Friday, August 6, 2010

From the Blue - What Our Contributors Read & Recommend #1

It's balmy and beautiful here in Bloomington, IN and the Indiana Review staff is excited about the recent arrival of our Blue issue (32.1). For me, summer is a time for reading (well, when isn't?) and looking forward to new works coming out in the fall. In fact, I've always got my eyes peeled for book recommendations, which I also love to give! So, to celebrate the new issue and the wonderful writers it lovingly contains (as well as satisfy our literary nosiness), we thought it would be fun to ask our contributors a few questions about what they are reading, what they've loved, and what they are looking forward to in the next few months.

Our first contributor "interview" is with Elizabeth Wilcox, whose piece "Holding up traffic as if to say" appears in our latest issue. Elizabeth lives in Los Angeles, where she is an assistant lecturer at the University of Southern California. She is working towards a PhD in Literature and Creative Writing.

What are you reading right now?
The White Album, by Joan Didion. I can't get enough of Didion, especially her essays. I think it must be extremely annoying for my friends, because I'm forever interrupting stories and conversations with, "Oh, that reminds me of this great Didion essay ..."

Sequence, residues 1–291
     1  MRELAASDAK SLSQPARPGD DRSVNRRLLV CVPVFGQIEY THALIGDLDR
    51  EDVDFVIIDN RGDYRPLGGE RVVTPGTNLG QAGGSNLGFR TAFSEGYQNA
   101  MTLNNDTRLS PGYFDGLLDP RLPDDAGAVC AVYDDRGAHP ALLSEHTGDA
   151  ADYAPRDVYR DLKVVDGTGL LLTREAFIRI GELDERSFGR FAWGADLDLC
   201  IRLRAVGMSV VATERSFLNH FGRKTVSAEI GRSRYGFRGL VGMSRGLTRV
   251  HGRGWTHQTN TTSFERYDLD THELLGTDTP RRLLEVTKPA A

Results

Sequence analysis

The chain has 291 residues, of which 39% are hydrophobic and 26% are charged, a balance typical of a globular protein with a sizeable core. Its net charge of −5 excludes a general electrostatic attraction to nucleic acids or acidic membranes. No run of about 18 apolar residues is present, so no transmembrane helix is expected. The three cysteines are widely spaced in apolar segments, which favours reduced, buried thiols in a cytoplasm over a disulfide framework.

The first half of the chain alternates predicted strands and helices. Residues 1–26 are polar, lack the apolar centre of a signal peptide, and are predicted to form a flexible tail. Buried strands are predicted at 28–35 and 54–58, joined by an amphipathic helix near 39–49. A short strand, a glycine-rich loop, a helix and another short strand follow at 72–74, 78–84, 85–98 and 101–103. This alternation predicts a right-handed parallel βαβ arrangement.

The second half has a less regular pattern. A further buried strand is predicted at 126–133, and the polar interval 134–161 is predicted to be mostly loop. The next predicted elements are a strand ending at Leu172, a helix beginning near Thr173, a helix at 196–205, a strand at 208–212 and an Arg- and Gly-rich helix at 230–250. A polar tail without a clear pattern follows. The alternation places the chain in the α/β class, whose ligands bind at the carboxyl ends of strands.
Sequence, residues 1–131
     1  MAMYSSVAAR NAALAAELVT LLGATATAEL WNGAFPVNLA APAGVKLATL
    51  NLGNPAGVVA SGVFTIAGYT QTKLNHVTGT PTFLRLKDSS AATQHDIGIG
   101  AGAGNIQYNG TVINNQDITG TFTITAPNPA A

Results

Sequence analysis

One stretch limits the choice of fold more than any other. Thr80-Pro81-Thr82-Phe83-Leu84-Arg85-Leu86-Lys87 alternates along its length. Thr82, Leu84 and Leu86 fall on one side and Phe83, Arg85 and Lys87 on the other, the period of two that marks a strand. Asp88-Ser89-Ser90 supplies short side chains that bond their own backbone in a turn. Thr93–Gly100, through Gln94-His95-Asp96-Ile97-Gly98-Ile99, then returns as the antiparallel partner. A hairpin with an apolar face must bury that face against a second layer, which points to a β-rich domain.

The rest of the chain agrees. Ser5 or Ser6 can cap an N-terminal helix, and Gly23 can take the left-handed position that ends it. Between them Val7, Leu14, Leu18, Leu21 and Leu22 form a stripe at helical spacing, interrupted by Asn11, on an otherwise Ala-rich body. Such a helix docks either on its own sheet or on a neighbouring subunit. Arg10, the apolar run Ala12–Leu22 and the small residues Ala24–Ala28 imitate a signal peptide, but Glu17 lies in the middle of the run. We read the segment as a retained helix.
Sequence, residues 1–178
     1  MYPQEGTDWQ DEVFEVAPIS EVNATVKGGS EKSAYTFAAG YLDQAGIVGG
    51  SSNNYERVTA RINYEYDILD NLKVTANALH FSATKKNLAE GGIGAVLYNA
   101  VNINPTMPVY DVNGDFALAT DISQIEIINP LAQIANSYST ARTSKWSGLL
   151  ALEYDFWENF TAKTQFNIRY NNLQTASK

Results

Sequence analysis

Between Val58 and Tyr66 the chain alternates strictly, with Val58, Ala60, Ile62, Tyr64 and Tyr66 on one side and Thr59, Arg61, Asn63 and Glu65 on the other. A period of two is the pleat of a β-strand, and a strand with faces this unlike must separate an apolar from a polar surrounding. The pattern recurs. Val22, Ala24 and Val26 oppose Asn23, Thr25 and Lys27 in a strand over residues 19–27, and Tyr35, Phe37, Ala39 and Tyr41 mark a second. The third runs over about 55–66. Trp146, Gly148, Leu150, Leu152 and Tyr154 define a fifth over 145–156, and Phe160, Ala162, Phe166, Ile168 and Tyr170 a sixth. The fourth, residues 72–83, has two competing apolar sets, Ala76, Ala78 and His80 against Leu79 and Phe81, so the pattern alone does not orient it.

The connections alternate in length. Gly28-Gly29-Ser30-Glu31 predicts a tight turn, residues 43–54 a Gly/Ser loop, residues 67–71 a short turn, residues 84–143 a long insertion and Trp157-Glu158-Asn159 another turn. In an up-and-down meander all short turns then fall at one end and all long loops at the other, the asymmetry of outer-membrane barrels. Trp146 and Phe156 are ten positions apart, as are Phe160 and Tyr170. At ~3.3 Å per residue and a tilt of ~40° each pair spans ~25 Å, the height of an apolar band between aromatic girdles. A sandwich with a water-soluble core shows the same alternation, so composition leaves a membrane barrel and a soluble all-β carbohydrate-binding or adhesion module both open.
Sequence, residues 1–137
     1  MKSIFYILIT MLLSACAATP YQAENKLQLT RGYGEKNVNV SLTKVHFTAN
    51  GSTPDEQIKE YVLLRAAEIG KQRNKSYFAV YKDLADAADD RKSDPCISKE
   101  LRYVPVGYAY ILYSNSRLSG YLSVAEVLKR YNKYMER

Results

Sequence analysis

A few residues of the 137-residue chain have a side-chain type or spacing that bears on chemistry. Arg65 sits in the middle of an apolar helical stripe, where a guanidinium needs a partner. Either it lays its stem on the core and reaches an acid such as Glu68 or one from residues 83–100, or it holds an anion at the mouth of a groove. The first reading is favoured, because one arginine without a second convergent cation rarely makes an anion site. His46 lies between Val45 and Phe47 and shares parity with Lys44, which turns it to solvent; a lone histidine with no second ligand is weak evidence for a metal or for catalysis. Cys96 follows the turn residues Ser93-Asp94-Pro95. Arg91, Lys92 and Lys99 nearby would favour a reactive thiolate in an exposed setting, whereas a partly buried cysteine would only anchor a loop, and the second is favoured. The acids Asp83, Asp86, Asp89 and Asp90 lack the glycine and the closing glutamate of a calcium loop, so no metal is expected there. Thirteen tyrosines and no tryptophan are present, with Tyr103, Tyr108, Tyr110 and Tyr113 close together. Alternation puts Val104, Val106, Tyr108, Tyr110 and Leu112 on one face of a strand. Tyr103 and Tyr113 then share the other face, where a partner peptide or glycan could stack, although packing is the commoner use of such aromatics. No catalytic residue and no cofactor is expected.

"Classic" you've been meaning to read?
Believe it or not, I still haven't ever read Keats. I mean, I know the Grecian urn one, and the one where he pops the grapes on the roof of his mouth and it tastes like joy (is that right?), but that's the best I can do. It's shameful, really. Luckily, I've invented a project for myself this fall that's going to require me to be familiar with his works, so I should be able to wipe this blot off my poetic conscience soon.

What book started it all for you?
This is a tough question because it presupposes that I know when "it" all started. I didn't admit to myself that I was/wanted to be a "poet" (a title I'm still not sure of) until about five years ago. So the book of poetry that really made me sit up and say "Yes, I want to do this," would probably be Moy Sand and Gravel, by Paul Muldoon. My copy of it is full of underlines, of arrows and circles and exclamation marks. I am in love with the way that Muldoon is in love with words, the way he can be playful and silly and deadly serious all in one line. The way he's not afraid of rhyme, or of long lines, or of a moment in a poem that someone in a workshop would likely cross out.

But if you want to go back to the beginning, WAY back, you'd find yourself next to my crib where my grandfather was giving my parents a Complete Works of Shakespeare as my 1st birthday present. My parents thought he was crazy. They put it in a closet. Other people gave me stuffed clown toys, which seemed much more appropriate. But that Complete Works stayed with me, and I finally got it out and started thumbing through it in 5th grade, and I haven't been able to break the spell since. The clown toys, though, are long gone (thank god).

Next week we will have interviews with Oliver de la Paz and Curtis Bauer. Stay tuned!


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